By: Harriet Sherwood
April 11, 2011
Tens of thousands of children trapped in intense fighting in Misrata are in serious danger amid concern over a humanitarian crisis in the only city in western Libya not under the control of Muammar Gaddafi.
At least 20 children, mostly under the age of 10, have been killed in the besieged city in the past month, according to Unicef, the UN children’s agency. Many more have been injured by gunfire or shrapnel from mortars and tank shells.Thousands of children are caught in the middle of the battle to control the city that has been raging for more than six weeks. Most lack access to sanitation and safe drinking water, Unicef said.
Shelling by Libyan troops continued on Monday, with al-Jazeera quoting a rebel spokesman as saying five people had been killed and about 20 wounded.
“More and more children in this city are being killed, injured and denied their essential needs due to the fighting,” said Shahida Azfar of Unicef. “Until the fighting stops we face the intolerable inevitability of children continuing to die and suffer in this war zone.”
At least 250 people in the town, mostly civilians, have died in the past month according to two doctors interviewed by phone by Human Rights Watch (HRW).
Many residents have fled the centre of Misrata, Libya’s third-largest city with a peacetime population of about 300,000, since fierce fighting began. The Libyan government said it had set up camps for refugees on the outskirts of the war-ravaged city.
However, it has refused journalists access to the city, citing safety reasons. A government-organised trip to Misrata last week took foreign media representatives to a field several miles from the centre, from where it was possible to see thick columns of black smoke and hear Nato military aircraft overhead. Officials insisted it was not safe to go further.
The Libyan regime has prevented humanitarian aid reaching Misrata for more than a month and only allowed aid ships to dock in the past few days.
“The Libyan government’s near-siege of Misrata has not prevented reports of serious abuses getting out,” said Sarah Leah Whitson of HRW. “We’ve heard disturbing accounts of shelling and shooting at a clinic and in populated areas, killing civilians where no battle was raging.”
HRW interviewed 17 injured people evacuated from Misrata by boat who reported deliberate and indiscriminate attacks on civilians in the city. Most believed their injuries had been caused by shelling and sniper fire by Gaddafi forces.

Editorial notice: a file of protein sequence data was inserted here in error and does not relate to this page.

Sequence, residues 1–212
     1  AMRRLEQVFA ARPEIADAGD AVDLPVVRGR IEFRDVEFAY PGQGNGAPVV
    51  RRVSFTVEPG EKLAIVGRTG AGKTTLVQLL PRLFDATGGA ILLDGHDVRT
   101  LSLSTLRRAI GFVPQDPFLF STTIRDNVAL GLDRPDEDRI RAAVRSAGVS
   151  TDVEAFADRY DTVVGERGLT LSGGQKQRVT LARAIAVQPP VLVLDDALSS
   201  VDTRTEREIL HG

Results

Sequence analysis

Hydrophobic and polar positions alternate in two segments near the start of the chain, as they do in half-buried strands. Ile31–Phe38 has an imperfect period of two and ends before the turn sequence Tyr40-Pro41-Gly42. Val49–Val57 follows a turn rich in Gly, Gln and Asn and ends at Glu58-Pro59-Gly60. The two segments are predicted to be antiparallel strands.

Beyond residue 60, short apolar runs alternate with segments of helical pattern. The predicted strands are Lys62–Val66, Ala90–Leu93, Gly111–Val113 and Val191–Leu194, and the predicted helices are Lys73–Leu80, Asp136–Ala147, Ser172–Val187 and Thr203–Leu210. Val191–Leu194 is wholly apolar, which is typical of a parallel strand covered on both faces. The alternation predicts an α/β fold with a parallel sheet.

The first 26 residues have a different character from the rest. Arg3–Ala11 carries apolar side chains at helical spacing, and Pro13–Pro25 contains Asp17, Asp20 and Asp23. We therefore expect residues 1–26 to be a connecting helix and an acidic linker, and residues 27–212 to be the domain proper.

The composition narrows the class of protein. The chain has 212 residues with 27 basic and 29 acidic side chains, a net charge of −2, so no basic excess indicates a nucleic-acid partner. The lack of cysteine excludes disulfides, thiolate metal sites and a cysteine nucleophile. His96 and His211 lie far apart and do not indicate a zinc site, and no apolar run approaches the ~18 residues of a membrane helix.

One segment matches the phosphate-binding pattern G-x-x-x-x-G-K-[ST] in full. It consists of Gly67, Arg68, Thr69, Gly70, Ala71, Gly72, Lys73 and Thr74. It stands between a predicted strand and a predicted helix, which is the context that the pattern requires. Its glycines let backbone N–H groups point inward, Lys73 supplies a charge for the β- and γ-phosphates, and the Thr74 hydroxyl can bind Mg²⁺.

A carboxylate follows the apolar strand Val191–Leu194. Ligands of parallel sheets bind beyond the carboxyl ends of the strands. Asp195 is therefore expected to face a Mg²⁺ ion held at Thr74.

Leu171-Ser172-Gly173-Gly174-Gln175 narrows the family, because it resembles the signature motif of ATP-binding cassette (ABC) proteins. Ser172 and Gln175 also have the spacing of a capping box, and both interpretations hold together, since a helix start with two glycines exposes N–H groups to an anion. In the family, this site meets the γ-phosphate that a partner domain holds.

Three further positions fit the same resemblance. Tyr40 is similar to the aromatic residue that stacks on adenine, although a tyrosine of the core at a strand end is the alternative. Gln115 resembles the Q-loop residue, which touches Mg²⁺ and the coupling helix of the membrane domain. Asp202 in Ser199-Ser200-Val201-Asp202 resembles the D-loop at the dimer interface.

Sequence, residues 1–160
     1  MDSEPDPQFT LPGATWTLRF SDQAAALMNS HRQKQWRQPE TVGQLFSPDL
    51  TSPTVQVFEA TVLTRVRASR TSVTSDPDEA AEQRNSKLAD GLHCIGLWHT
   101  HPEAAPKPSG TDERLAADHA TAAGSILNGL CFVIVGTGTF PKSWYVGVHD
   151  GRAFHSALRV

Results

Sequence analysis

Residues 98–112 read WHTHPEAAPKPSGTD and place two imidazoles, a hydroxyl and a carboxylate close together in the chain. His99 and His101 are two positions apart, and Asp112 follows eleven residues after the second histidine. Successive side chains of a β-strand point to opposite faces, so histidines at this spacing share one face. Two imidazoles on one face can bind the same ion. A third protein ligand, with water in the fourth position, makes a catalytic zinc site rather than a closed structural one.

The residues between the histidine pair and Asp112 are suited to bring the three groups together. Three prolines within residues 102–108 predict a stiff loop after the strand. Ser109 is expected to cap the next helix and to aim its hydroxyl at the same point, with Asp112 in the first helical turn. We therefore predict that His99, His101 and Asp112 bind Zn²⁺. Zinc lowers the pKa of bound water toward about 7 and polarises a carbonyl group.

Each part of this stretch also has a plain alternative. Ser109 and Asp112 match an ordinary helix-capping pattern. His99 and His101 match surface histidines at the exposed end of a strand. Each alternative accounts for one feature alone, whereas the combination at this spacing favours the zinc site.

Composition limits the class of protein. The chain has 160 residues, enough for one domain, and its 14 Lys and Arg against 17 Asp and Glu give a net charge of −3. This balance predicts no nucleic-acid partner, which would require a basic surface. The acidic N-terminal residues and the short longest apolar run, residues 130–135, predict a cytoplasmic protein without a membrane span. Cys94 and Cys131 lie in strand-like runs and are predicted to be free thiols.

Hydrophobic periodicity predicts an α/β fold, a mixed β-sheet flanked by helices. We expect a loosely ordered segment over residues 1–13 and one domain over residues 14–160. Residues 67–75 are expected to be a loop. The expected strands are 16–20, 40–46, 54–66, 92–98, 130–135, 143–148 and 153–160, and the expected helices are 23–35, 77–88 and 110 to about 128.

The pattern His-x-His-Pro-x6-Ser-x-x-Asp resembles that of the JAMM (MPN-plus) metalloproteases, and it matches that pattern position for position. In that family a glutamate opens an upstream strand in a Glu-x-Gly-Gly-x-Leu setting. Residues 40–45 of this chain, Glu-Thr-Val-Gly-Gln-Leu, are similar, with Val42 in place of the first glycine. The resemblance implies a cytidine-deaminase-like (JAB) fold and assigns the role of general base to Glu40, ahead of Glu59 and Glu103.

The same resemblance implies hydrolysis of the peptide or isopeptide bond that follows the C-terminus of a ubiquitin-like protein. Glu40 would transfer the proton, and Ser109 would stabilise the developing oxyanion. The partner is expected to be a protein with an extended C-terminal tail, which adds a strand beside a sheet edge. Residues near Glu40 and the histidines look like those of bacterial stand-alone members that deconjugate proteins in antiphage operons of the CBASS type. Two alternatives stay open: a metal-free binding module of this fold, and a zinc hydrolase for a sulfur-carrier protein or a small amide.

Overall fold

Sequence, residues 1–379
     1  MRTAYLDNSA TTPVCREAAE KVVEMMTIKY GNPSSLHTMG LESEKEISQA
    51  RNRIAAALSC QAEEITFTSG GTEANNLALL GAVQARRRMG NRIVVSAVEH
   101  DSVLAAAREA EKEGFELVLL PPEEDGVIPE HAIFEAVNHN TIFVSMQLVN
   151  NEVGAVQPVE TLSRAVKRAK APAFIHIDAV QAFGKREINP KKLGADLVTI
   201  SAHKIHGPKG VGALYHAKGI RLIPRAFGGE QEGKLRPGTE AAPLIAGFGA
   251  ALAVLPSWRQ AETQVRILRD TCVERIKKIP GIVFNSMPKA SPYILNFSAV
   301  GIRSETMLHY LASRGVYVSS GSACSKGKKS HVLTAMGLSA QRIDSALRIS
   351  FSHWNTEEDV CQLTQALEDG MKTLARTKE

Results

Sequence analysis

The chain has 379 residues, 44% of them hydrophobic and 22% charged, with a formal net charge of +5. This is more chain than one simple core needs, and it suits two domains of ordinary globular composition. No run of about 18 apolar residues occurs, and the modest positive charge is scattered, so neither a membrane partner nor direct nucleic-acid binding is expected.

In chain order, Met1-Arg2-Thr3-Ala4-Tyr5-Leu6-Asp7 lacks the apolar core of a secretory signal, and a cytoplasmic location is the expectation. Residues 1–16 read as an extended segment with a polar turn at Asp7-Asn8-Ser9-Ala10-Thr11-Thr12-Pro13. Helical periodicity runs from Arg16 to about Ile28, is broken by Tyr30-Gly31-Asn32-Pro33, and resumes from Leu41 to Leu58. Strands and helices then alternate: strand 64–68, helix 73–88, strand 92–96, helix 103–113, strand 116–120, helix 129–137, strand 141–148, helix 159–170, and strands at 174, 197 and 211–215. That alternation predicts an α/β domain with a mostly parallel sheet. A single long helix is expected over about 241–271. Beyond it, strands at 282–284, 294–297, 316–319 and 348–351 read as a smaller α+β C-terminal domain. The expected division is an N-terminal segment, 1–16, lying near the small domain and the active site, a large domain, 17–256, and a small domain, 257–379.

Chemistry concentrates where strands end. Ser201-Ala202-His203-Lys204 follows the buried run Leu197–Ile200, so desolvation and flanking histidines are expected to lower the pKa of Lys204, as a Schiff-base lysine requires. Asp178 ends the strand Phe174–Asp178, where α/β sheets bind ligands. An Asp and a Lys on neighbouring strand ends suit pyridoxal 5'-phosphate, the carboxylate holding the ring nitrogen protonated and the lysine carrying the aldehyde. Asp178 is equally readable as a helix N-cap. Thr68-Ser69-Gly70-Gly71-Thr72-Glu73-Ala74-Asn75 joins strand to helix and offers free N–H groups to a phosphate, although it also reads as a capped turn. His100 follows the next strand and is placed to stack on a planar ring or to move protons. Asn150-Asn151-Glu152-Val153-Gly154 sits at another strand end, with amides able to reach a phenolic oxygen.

One, Jamal Muhammad Suaib, 35, said three members of his family had been killed by government soldiers as they tried to reach safety. On 17 March, he said, uniformed soldiers entered the family home by force, stole valuables and threatened to return.
The extended family fled in three cars, which were stopped by soldiers who opened fire without warning, killing Suaib’s four-year-old niece, his brother and father. Suaib, his wife and baby son were injured. “My wife was holding my son,” he told HRW. “The bullet hit her in the arm and ricocheted into my son’s face. None of us had a weapon. We were just families looking for a safe place to stay.”
The city council in Misrata has recorded the names of about 1,000 people who have gone missing since the start of the conflict, HRW said.
About 6,000 migrant workers, mainly from Egypt and sub-Saharan countries, are trapped by the fighting, it reported. They are living in tents without safe drinking water or sanitation, hoping to be evacuated.
The International Committee of the Red Cross said on Monday it had been given permission by the Libyan government to open an office in Tripoli. It has been operating from Benghazi in the east of the country for a month.
Jean-Michel Monod, the ICRC’s regional director, said its staff would visit Misrata to evaluate the scale of the humanitarian crisis. “We hope we will be able to do valuable work,” he said, adding that the regime had assured it of unrestricted access to the besieged city.